• Funnels. Companies often try to “funnel” users to one platform or one location for support; for example, they might send social media inquiries to a customer service phone line. This makes customers feel unacknowledged and herded like sheep to a solution.

Related Article:Customer Service Crimes: This Is Why Your Business Is Failing

This isn’t to say that these strategies can’t be helpful (or that these are the only broad-strokes strategies), but if you’re going to use them, you need to use them in conjunction with an individualized element to your customer support.

Individual Needs

Even though the majority of your customers may fall into specific categories, such as an age range, or falling into one of a few levels of satisfaction with your product, the reality is, every customer who does business with you is unique. Acknowledging that uniqueness, and offering a similarly individual experience, is necessary if you want to maximize customer satisfaction and retention.

For example, you’ll need to consider the following:

  • Personal preferences. Every individual is going to have unique communication and service preferences. It’s impossible to categorize all your demographics as preferring phone conversations, chats, or social media engagements. The more options you have, the better. You can flexibly accommodate almost any needs.
  • Individual disposition. Not all of your customers are going to have the same disposition. Some are going to be outright awful to deal with. Knowing this, how could you possibly have a one-size-fits-all approach? Each customer requires a different “response” disposition if you want to handle them appropriately.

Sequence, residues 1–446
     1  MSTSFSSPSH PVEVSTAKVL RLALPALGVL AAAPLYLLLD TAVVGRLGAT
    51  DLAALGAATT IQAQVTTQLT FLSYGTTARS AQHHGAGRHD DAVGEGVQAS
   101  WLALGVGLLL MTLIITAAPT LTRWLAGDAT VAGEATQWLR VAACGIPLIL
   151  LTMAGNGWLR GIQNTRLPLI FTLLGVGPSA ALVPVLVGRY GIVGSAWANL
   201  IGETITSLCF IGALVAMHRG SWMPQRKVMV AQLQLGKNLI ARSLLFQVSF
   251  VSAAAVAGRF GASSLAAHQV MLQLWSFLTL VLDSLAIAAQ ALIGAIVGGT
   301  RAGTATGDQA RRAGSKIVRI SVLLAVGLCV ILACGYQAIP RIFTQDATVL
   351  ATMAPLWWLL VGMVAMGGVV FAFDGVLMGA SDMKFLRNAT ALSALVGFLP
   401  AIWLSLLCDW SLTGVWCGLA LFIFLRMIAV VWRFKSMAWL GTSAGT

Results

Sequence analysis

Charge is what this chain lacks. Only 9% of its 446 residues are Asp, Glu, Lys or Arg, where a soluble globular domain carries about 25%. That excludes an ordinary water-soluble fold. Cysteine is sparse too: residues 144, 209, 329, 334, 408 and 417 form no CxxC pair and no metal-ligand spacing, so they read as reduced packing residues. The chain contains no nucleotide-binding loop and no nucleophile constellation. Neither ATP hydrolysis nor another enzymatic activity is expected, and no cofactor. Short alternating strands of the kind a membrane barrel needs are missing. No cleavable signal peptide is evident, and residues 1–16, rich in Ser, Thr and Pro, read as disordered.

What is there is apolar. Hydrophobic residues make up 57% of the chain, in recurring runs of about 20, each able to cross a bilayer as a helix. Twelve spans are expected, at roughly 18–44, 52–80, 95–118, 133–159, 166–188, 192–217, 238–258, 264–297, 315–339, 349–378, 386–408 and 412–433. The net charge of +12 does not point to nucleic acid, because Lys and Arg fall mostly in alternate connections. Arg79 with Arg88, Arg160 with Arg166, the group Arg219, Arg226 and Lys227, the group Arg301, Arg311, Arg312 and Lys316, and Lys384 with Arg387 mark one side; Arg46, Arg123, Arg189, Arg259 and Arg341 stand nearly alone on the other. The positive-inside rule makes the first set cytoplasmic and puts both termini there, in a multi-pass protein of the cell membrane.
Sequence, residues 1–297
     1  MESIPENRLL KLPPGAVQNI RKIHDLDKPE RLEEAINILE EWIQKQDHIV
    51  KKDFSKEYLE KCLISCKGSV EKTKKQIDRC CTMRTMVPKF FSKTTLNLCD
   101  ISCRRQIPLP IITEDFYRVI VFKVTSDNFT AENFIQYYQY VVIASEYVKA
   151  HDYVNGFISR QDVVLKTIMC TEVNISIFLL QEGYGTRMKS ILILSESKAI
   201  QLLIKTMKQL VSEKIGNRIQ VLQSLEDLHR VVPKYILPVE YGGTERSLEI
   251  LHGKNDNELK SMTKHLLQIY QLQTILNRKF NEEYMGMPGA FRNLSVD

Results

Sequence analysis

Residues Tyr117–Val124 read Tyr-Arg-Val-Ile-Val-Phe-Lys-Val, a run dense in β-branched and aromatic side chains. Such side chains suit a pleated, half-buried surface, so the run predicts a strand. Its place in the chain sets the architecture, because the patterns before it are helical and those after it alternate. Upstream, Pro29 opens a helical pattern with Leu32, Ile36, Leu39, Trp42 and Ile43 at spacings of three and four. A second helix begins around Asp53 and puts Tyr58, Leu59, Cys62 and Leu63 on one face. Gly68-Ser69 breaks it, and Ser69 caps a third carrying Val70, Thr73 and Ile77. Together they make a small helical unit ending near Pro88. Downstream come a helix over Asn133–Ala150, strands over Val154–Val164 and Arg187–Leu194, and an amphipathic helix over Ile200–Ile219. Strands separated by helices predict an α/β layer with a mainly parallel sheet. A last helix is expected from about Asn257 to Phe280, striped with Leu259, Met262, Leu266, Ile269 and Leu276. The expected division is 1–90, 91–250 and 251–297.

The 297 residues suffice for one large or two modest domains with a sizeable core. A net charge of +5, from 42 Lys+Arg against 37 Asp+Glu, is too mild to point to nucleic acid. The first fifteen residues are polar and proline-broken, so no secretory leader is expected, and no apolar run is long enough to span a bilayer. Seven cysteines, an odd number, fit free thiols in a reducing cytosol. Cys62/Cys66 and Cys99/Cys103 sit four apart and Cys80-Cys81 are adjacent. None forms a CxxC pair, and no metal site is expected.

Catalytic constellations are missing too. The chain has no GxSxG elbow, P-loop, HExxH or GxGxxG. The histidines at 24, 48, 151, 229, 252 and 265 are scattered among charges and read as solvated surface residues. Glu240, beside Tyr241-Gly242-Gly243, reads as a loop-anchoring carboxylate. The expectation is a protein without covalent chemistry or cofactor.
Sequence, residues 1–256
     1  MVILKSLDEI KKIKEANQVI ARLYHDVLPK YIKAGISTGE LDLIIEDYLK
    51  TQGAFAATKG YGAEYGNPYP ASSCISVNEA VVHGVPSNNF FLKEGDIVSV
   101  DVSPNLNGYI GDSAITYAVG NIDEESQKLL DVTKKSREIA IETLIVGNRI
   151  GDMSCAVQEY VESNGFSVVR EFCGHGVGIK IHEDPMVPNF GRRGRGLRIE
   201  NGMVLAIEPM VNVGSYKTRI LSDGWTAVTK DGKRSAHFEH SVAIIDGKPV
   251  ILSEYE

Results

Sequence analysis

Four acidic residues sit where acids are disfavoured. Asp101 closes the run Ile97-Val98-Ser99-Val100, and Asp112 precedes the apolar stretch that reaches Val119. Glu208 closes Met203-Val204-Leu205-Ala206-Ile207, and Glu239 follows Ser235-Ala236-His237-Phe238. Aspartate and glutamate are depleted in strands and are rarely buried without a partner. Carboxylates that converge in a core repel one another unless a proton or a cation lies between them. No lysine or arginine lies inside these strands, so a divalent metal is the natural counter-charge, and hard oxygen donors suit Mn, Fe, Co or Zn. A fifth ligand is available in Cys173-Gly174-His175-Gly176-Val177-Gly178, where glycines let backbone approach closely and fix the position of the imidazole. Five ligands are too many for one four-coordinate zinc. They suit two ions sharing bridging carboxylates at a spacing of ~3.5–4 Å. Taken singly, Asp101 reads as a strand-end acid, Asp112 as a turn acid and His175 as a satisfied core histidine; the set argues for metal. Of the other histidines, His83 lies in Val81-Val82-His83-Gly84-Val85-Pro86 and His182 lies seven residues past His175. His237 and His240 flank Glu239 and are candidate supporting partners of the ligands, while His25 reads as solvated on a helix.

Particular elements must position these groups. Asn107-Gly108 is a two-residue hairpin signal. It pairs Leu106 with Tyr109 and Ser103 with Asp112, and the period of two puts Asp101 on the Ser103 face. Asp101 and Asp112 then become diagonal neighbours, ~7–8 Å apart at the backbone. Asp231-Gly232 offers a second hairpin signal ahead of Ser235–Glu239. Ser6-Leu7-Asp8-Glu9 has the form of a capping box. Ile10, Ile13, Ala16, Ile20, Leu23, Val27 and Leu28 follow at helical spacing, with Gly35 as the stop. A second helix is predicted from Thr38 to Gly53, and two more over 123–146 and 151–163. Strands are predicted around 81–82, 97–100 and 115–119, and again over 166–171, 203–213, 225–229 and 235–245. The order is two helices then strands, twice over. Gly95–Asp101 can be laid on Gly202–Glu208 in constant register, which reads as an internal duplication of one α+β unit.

• Unique problems. One of the most obvious items on this list, most of your customers are going to have unique problems. Even if they’re encountering something fairly common (such as not being able to log in), they’ll all have different levels of experience with the situation, and they’ll have tried different options so far.
  • Memorability. Lastly, keep in mind that treating a customer as an individual makes your brand, and the experience, more memorable. This is crucial to maximizing customer retention.

Related Article:Lessons from Big Brands: 4 Customer Service Pitfalls That Will Destroy Your Brand

How Broad-Strokes Research and Takeaways Can Still Be Helpful

Throughout this article, we’ve tried to establish the idea that individual attention and human experiences matter greatly to the overall success of your customer service strategy. For the most part, these individual experiences undermine the potential of broad-strokes strategies.

However, it’s still necessary to have some generalized approaches to fuel your strategy; for example, conducting high-level customer research can give you the knowledge you need to customize your key areas of support.

Like with almost any area of business development, the key to success here is balance; you need general approaches and individual approaches to maximize customer satisfaction and retention. Without that individual element, your customer engagement rates will suffer.